With smash hits like "Double Vision" and "Hot Blooded," Foreigner was already one of the biggest rock bands in the world by the time of their 1981 album 4. However, their senior release took them to an even higher plane of rock royalty, becoming their first chart-topping LP and spinning off four top 40 hits, including crossover ballad "Waiting for a Girl Like You," which spent a record-setting ten weeks at #2 on the Hot 100. (Damn you, Olivia Newton-John!) Accusations of going soft for commercial success would eventually catch up with the band, but with sales of six million, none of them were complaining at the time.
Toto - Toto IV (1982)
Led Zeppelin IV might continue to hold more sway with Tolkein-obsessed 16-year-olds who aspire to one day be able to have sex with groupies via mud shark, but as sure as Kilimanjaro rises like Olympus above the Serengeti, only one album titled IV ever won the Grammy for Album of the Year. Toto's fourth release owned the 1982 Grammys like Jose Bautista owns American League pitching, winning six trophies including Album and Record of the year (for lead single "Rosanna"), and also spawned three top ten hits in "Rosanna," "I Won't Hold Back" and the chart-topping soft-rock standard-bearer "Africa." Toto never even came close to repeating the album's success, but considering that they made the impossibly stupid choice to title their next album Isolation instead of Toto V, they really have no one but themselves to blame.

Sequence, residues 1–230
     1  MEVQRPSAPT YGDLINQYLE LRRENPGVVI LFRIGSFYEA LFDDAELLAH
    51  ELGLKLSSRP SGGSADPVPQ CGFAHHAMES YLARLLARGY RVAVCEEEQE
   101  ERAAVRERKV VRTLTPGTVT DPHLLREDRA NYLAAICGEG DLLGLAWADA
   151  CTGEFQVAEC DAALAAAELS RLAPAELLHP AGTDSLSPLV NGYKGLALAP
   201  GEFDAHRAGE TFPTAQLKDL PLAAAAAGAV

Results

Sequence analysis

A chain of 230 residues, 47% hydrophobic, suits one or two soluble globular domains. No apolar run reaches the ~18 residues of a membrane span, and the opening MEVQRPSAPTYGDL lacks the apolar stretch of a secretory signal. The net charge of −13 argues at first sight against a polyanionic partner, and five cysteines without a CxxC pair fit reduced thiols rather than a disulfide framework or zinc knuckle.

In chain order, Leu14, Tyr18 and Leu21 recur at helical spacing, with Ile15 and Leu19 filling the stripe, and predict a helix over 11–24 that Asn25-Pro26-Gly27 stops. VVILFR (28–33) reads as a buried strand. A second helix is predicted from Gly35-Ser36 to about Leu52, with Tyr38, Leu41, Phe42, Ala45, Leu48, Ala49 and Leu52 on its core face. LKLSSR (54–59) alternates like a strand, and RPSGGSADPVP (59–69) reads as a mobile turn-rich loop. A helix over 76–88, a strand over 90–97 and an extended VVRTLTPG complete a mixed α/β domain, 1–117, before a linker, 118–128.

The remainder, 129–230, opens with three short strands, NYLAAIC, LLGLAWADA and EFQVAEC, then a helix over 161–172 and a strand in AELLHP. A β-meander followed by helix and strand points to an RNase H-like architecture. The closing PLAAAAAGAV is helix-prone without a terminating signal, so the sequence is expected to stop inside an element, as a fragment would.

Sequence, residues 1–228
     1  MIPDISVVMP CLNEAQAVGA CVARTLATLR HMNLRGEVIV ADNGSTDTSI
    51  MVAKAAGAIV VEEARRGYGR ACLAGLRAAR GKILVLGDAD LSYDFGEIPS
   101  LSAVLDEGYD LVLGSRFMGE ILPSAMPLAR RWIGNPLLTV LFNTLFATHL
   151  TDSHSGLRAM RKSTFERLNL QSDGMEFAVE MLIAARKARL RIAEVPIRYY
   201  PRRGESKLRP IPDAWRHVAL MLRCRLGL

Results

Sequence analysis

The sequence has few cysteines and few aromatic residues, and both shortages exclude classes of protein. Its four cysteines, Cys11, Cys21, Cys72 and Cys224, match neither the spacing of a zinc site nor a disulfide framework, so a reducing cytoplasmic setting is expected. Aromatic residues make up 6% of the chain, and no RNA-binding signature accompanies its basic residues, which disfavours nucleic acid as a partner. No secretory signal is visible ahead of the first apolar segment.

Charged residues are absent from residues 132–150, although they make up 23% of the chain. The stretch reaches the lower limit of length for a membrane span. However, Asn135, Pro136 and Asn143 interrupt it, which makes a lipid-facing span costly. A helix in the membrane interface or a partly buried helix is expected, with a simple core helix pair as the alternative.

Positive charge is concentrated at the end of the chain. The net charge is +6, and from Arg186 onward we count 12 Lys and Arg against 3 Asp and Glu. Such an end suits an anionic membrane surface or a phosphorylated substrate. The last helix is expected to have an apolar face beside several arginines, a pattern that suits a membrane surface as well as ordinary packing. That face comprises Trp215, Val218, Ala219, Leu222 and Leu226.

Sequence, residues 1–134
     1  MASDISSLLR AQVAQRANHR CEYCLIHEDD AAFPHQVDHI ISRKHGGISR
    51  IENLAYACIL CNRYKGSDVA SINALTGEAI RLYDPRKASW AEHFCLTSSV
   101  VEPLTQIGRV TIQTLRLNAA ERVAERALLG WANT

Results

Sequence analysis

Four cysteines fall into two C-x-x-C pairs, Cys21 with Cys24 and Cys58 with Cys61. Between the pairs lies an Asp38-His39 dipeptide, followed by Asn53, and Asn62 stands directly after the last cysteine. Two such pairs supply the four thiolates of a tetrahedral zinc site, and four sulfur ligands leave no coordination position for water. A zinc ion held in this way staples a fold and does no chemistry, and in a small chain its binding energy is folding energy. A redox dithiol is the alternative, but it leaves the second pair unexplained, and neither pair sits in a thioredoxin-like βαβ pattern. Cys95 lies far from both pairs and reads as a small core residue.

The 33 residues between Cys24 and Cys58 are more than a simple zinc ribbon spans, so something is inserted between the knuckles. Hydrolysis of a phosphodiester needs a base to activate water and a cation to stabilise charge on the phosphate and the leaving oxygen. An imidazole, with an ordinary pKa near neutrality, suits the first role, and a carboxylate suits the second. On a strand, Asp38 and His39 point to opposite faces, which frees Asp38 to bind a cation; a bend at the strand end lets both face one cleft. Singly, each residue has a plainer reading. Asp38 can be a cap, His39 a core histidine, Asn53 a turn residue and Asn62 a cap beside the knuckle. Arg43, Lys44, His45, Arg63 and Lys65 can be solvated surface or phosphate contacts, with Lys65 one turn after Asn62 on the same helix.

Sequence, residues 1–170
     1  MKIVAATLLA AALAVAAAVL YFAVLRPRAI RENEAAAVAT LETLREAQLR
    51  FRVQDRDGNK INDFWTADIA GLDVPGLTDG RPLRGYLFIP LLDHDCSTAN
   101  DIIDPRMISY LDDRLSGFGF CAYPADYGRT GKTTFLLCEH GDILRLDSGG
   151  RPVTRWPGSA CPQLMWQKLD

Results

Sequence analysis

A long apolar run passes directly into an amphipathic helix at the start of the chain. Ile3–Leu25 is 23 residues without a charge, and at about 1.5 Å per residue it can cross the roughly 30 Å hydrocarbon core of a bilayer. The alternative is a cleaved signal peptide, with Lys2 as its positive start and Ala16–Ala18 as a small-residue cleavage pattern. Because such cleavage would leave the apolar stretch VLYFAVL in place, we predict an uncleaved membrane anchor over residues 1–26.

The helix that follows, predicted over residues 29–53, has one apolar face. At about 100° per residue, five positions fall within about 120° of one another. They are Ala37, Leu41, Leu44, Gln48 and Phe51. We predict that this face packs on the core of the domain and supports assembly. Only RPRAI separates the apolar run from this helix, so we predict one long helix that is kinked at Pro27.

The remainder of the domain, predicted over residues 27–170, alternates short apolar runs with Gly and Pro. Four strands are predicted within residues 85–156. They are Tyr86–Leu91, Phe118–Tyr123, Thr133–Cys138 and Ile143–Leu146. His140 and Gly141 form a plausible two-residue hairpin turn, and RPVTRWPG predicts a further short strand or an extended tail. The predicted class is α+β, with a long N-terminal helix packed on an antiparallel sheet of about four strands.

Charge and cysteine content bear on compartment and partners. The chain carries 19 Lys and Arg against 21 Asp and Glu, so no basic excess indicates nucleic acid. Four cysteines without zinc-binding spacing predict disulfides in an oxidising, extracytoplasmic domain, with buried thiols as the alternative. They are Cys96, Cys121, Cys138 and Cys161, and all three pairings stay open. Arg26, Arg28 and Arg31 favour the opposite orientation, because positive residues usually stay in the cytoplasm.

Blues Traveler - four (1994)
Blues Traveler's harmonica-soaked moment in the mid-90s sun was not a particularly long one, but it lasted for at least one album's worth: four, the six-times platinum (!!!!) LP which spawned the band's only two top 40 hits, "Run-Around" and "Hook." (And don't forget about "The Mountains Win Again," that song was pretty cool too). Yes, kids, for a time our country was absolutely enraptured by a fat man strapped Rambo-style with mouth harps with a penchant for mid-song scat-raps—please don't tell anyone. At least the problem was corrected quickly (follow-up Straight on Till Morning flopped, if you want to believe that anyone ever assumed success for Blues Traveler) and we got a couple fun songs for 90s karaoke night out of the process.